Spidey Classics-Amazing Fantasy 15

Posted by Brent 18 June 2011

Greetings! Welcome to the first of (hopefully) many reviews I'm tentatively calling Classic Spidey, Modern Perspective.

Some background: I was born the same month that Ned Leeds was revealed as the Hobgoblin. Three months later, Peter and Mary-Jane were married. Suffice it to say, I have no memories, pre-Brand New Day, of a single Peter. Nor was I there when the Hobgoblin Saga was unfolding, when some blond girl got tossed off a bridge or when a random lab accident created the greatest hero known to man. Heck, my mother was only two when Spidey's first adventure hit the shelves!

I'm going to look back at these half-century old tales with a modern eye and see what they might look like to a kid picking them up today. With that preamble out of the way, let's check out the issue that started it all: Amazing Fantasy #15.

The first thing we see is the cover. A stunning looking figure is moving through the shot, carrying a criminal under one arm with seeming ease. He avows "Though the world may mock Peter Parker, the timid teen-ager"(they do), "...it will soon marvel at the awesome might of SPIDER-MAN" (they do that too...truth in advertisting!)

Inside we are regaled with a bit of clearly 60's rhetoric...apparently those in the "mag business" called superheroes "Long underwear characters!" In the foreground, Flash Thompson and Liz Allen mock Peter in a charmingly old fashioned way. It's hard to imagine, but at this point in Spidey's history, he and his peers were probably born about nine months after V-J day.

Luckily though, Peter has a great support system at home...his Aunt May and Uncle Ben (born while William McKinley was in office). We see him go through a typical day...breakfast with his family, excelling at science, and getting turned down for a date. He tries to invite some kids to a science exhibition, but they tell him to dream on. A clear indication this isn't happening in modern times: no one is receiving a wedgie.

Peter then heads off to the demonstration alone, escaping into the "fascinating world of atomic science!" Moments later, a spider chances into the atomic beam, absorbing the radioactivity momentarily before passing it on to our milquetoast hero-to-be. He blunders out of the lab into traffic and is lucky to avoid a passing vehicle.

An aside: all this has happened in two pages, another major difference between this issue and one from today. The norm in this issue and others from its era is 7-8 wordy panels. To see the contrast, I grabbed the first modern issue I had at hand, #634. I found one page with 7 panels, but the average was much closer to 5. Verdict: I must say I prefer the modern format overall...sometimes the old issues were filled with easily inferred internal monologue. Still, if this was published today, the story to this point probably would have stretched out to fill a whole issue...so let's rejoice that there's more Spidey left to read!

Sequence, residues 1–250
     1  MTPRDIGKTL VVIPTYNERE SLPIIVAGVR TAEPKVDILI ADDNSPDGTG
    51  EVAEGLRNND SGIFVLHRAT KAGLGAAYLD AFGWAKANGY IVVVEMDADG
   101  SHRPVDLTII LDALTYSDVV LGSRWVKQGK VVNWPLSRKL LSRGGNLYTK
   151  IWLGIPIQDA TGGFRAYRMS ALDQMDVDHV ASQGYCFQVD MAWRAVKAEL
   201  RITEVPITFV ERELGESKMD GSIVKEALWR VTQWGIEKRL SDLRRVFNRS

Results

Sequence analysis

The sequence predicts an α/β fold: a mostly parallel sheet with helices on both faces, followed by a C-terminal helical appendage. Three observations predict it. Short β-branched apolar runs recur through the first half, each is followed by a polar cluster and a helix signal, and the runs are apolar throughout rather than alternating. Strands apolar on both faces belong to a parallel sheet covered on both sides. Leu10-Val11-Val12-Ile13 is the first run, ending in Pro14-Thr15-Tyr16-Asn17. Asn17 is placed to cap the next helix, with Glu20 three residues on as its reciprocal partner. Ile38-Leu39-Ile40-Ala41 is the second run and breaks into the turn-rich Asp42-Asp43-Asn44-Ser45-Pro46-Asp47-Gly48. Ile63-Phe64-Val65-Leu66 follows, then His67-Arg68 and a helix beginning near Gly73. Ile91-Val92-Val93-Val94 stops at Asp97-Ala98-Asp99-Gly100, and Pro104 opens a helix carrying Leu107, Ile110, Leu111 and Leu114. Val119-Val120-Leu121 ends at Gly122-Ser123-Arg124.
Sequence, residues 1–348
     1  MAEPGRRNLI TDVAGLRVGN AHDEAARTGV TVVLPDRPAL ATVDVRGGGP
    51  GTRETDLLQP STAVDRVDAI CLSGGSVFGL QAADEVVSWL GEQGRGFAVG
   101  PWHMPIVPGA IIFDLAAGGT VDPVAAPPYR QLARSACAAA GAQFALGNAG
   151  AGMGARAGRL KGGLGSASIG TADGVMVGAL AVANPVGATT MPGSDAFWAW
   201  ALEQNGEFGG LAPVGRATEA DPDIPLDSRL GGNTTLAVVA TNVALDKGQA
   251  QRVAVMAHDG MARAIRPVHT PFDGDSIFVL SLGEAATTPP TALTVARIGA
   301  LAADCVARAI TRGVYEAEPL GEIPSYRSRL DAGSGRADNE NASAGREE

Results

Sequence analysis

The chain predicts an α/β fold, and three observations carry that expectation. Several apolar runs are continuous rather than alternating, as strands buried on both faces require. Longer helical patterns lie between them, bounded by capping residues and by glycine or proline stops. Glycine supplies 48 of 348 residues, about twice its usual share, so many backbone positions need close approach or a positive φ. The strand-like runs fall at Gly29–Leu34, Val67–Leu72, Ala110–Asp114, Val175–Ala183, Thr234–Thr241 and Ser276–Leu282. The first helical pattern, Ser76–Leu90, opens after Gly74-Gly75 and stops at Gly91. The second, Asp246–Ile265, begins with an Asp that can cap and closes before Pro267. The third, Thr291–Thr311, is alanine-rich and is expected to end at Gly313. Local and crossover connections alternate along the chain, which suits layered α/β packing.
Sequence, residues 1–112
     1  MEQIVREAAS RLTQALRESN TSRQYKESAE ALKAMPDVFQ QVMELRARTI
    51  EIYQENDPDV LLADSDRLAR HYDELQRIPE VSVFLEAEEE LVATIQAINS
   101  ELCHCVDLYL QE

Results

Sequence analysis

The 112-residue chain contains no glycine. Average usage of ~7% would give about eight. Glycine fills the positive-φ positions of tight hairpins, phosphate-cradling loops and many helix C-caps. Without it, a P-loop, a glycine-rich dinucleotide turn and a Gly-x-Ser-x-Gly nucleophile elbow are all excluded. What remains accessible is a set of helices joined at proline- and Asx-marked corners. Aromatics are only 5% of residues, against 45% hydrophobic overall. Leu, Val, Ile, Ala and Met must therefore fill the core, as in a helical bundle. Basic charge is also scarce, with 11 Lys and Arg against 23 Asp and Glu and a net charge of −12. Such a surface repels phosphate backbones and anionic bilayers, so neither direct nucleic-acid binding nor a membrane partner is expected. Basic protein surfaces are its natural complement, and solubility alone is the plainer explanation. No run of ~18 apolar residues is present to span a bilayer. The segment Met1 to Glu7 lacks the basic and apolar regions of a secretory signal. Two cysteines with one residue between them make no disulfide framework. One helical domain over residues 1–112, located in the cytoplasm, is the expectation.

At this point, Peter's adventures really take off. He scales a building and crushes a pipe, feeling out what his new-found powers are capable of. He "disguises" himself in a a sweatshirt and a mask made of stockings to wrestle Crusher Hogan for $100, in the process catching a TV man's eye and earning a spot on the Ed Sullivan show. He uses the money to make himself a costume and design his web shooters. At this point he has no aspirations to stop crime or do good...he just wants to be on TV and make some money!

At the Ed Sullivan show, roughly 18 months before the Beatles make their American debut on the same stage, Spider-man amazes the crowd with his spider tricks. The people love him and he is forced to escape into a hallway. As fate would have it, just then a thief runs by, but Spidey can't be bothered to stop him. He tells the frustrated officer "From now on I just look out for number one--that means--me!"

Things couldn't be going better for both Peter and Spider-man. His family loves him and Spidey is the talk of the whole nation. Sadly, this first panel on page nine, Amazing Fantasy #15, August 1962, is probably about as good as poor Peter Parker's life ever gets. One panel later that Parker luck kicks in...he comes home one night and (spoiler alert!) poor Uncle Ben has been shot. In a scene we've all seen a million times, be it here, in a cartoon, in a movie or a retelling of this story in print, Petey tracks the burglar down to an abandoned warehouse just outside of town. After a short fight, we find out that the murderer is none other than the buck-toothed criminal he could have stopped earlier. Peter delivers him to the police, walks off into the distance, and we read the words we all know by heart: "With great power there must also come -- Great responsibility!"
From a modern perspective, the issue was written and reads like a one-shot. Possibly even a free comic day one-shot judging from the "morality play" tone of the ending. Still, the elements were all there to kick off the 49-year run we're still enjoying today. With each page steeped in history-making moments ("First time Peter speaks!", "First time Spider-man shoots a web!", "First time we're vaguely unsettled by Aunt May's doddering!") the issue reads like a dream. It is truly a treat to read for any fan, young or old and I advise picking up an anthology that contains it immediately.

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